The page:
Muted wage growth data out of New Zealand today reinforced expectations that the country’s central bank will likely cut interest rates next week. The Reserve Bank of New Zealand is due to hold its latest policy meeting on August 11 and is widely expected to lower its official cash rate by 25bps to 2.0% as declining inflationary pressures continue to worry policymakers.
Labour costs in the private sector rose
Labour costs in the private sector rose by just 1.6% annually in the second quarter of the year, missing expectations that it would stay unchanged at 1.8%. Quarter-on-quarter growth also disappointed, coming in at 0.4% instead of the expected 0.5%. Wages costs have been rising by less than 2% since late 2012 even though economic growth in New Zealand has been outperforming that of most advanced economies since the financial crisis.
Inflation rates also remain very low with headline CPI at 0.4% in the first half of the year. The stronger exchange rate will likely put further downwards pressure on price levels as the New Zealand dollar has gained about 5% against the US dollar since the start of the year. House prices remain a hotspot though as the annual pace of increase remains in double digits.
In an irregular economic update on July 21, the RBNZ said it was considering stronger macro-prudential measures to curb the rapid growth in house prices, particularly in hotspots such as Auckland. Tighter housing lending restrictions would reduce the risk of a housing bubble if the RBNZ was to cut rates further. The statement fuelled market speculation that the RBNZ was preparing to cut rates in August.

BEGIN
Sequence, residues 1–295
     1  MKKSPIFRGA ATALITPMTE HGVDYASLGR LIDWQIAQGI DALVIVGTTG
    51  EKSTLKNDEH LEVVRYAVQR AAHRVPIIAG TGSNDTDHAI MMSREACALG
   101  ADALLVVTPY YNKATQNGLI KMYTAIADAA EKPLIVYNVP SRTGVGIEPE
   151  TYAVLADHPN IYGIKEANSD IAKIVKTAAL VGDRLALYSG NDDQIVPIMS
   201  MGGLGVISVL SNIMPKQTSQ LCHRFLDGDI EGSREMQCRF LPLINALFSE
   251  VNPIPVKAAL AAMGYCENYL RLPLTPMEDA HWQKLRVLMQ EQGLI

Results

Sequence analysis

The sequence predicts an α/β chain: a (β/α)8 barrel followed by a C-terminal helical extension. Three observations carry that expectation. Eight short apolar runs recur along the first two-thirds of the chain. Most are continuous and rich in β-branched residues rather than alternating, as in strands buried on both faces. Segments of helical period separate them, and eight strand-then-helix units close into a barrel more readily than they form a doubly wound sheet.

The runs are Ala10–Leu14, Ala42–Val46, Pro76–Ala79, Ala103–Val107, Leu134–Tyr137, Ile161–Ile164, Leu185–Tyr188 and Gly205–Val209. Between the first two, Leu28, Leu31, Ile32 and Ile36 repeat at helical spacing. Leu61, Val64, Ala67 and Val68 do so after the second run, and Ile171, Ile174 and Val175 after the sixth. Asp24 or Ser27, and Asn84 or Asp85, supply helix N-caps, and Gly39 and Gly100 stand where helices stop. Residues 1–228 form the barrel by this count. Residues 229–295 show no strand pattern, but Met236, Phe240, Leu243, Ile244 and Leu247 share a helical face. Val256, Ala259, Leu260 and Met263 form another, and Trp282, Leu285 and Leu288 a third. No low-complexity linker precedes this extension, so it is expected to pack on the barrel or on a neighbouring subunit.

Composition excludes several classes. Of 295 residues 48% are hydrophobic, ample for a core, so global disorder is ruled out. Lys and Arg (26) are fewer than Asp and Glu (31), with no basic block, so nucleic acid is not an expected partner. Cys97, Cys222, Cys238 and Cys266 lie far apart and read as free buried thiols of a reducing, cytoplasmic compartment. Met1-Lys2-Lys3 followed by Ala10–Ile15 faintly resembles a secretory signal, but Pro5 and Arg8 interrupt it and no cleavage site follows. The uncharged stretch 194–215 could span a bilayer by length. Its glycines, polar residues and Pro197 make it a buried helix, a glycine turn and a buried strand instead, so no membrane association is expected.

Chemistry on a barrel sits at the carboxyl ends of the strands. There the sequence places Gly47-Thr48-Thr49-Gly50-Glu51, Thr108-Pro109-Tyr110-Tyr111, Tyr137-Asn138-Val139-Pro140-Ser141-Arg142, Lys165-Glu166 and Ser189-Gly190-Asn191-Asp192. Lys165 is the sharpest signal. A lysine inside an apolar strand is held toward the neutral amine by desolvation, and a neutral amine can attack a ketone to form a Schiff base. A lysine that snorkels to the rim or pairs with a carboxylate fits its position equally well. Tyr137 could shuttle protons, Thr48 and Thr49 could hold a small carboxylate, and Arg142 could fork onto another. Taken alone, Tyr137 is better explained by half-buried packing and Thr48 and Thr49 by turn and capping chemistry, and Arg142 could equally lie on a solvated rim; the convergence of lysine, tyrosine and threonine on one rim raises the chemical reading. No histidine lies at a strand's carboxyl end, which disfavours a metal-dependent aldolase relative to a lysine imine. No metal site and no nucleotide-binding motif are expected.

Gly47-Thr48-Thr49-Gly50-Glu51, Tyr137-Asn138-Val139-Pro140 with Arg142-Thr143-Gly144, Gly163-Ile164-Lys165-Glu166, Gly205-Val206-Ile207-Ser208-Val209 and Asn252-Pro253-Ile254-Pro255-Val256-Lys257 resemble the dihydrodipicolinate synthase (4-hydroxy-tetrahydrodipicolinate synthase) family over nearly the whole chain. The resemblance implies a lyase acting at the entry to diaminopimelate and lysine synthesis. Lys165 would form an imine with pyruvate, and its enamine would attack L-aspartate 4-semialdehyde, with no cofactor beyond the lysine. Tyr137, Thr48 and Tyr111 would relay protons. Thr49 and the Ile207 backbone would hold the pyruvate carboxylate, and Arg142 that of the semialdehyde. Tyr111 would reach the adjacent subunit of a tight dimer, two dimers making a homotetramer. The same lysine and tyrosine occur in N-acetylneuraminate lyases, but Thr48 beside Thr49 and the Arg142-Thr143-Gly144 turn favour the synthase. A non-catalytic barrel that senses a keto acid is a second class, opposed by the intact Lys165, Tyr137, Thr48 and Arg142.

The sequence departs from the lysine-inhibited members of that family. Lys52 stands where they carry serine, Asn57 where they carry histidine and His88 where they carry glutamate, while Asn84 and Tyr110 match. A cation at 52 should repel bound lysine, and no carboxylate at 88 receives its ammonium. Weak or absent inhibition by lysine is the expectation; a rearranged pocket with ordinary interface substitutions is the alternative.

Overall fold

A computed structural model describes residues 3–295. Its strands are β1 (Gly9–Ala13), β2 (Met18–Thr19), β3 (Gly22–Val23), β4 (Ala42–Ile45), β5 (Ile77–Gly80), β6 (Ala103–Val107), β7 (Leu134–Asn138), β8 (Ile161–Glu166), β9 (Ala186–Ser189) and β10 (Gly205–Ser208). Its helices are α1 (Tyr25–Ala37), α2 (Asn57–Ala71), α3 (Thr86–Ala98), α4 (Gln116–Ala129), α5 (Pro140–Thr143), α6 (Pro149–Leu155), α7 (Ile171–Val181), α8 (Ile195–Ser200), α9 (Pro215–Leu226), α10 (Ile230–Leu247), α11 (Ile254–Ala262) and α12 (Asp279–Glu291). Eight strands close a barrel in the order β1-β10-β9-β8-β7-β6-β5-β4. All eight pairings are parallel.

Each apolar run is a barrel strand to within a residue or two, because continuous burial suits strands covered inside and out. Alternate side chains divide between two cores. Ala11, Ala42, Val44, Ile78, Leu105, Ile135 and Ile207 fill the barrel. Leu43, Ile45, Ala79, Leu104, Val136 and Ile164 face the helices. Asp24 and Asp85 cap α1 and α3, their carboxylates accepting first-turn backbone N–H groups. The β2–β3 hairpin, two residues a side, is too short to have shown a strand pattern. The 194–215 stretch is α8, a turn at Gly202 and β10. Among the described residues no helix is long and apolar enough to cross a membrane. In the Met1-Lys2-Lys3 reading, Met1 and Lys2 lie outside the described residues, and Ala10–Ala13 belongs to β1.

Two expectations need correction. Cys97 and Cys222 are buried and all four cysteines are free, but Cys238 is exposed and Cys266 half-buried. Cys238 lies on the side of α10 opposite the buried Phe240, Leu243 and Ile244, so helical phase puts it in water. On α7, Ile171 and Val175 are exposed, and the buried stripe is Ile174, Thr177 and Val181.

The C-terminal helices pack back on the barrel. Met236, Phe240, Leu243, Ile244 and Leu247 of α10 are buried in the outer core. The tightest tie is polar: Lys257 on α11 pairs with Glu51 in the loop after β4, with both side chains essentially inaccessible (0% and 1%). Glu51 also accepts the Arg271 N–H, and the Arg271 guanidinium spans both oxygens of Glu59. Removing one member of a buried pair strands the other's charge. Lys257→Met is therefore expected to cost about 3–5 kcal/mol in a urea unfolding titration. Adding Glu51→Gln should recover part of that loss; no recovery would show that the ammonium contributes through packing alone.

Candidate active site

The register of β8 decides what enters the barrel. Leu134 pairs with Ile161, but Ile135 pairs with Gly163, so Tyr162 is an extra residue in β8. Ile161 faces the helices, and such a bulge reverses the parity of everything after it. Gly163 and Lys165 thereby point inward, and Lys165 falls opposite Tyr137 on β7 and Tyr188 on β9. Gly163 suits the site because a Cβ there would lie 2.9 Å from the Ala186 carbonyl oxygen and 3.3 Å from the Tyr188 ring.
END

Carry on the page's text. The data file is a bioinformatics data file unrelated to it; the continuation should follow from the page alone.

Expectations of lower rates dragged the NZDUSD away
Expectations of lower rates dragged the NZDUSD away from its 2016 peak of 0.7324 set on July 12 (the highest since May 2015). However, a weaker US dollar has since helped the kiwi recover to back around the 0.72 level after briefly falling below 0.70. Fading expectations of a US rate hike anytime soon have reversed some of the greenback’s post-Brexit rebound, pushing commodity-linked currencies such as the New Zealand dollar higher.
Declining sovereign bond yields elsewhere in the world is another factor adding to the kiwi’s resilience as even after the recent cuts, Australia and New Zealand remain among the few advanced economies that have interest rates not close to 0%. Looser monetary policy in major economies such as the Eurozone and Japan have increased the attractiveness of higher yielding currencies like the aussie and the NZDUSD.
Meanwhile, a gradual recovery in dairy prices since late April has also been supporting the NZDUSD. Dairy remains New Zealand’s main export earner and the latest global dairy auction on Tuesday saw prices gaining 6.6% to the highest since January. A further recovery will likely limit the impact of fresh cuts in the cash rate on the NZDUSD.